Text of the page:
A written question from someone was submitted to the Promised Messiahas. The individual inquired that since they are compelled to travel here and there for up to a distance of 30 miles or so, what should they consider a journey [safar] and is the Islamic injunction of shortening the prayer while on a journey applicable to him? The person stated that they were not interested in academic discussions from books and all he wanted was a verdict from their Truthful Leader. The Promised Messiahas stated:
“It is my belief that an individual ought not to impose undue difficulty upon themselves. The definition of a journey is based on the general understanding of society, even if the distance itself is only a few miles. So, if this is the case, a person should follow the injunctions that are applicable in the case of a journey and shorten the prayer.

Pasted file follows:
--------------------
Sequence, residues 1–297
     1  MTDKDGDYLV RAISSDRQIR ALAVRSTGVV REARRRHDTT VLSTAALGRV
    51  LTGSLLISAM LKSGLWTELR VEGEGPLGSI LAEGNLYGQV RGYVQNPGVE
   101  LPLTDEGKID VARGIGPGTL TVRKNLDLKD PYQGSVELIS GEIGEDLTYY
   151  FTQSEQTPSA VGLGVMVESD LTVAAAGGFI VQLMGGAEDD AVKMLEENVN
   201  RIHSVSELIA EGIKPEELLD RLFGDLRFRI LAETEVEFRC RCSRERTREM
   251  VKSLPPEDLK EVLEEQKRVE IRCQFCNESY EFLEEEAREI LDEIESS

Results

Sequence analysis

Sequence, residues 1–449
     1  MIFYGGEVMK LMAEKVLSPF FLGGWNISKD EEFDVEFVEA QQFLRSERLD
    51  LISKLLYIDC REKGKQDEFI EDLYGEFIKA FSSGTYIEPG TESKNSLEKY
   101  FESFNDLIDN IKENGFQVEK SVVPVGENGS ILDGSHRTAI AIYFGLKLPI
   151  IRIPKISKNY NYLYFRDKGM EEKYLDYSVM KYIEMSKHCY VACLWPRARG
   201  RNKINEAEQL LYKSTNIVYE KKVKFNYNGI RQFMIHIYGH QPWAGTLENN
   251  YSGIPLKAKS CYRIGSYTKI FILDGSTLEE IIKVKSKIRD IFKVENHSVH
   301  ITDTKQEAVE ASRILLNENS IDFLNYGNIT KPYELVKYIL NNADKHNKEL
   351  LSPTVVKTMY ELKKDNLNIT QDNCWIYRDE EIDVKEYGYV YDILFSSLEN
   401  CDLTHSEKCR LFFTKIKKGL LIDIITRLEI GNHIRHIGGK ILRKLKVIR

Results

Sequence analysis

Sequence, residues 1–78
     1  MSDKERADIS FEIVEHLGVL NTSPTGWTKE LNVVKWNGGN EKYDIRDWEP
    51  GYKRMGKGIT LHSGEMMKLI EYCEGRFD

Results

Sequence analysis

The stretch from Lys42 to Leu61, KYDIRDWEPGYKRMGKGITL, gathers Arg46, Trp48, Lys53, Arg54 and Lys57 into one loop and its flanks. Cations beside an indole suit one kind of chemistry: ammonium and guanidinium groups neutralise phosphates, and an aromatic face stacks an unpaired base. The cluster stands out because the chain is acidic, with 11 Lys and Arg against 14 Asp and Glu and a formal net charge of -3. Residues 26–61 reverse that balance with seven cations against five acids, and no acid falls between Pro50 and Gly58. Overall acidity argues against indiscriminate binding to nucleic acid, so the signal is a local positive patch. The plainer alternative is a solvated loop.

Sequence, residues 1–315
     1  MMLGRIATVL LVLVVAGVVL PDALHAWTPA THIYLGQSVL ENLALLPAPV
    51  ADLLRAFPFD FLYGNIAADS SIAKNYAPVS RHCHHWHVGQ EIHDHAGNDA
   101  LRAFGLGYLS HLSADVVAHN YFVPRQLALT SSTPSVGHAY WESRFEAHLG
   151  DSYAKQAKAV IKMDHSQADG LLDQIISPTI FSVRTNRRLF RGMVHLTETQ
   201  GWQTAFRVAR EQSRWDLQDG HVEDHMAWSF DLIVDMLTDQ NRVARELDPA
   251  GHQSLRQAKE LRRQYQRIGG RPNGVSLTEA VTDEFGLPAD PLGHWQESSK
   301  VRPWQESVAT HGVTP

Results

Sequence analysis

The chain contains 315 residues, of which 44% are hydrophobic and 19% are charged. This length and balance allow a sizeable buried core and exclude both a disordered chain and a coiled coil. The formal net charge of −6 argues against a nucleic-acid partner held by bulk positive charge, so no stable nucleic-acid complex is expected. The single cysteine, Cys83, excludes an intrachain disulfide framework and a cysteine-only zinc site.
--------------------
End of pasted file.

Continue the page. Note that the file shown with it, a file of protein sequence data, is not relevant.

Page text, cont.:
إِنَّمَا الْأَعْمَالُ بِالنِّيَّاتِ
‘Deeds are based on intentions.’
“At times, we will cover a distance of even two or three miles when we are walking with our friends, but no one has the slightest thought in their minds that they are on a journey. However, when a person packs their belongings and sets out with the intention that they are about to undertake a journey, they are a traveller. The foundation of the shariah is not based on difficulty. A journey is a journey by generally accepted standards.” (Malfuzat [English], Vol. 3, p. 106)
Ascetic practises and the sunnah of the Holy Prophetsa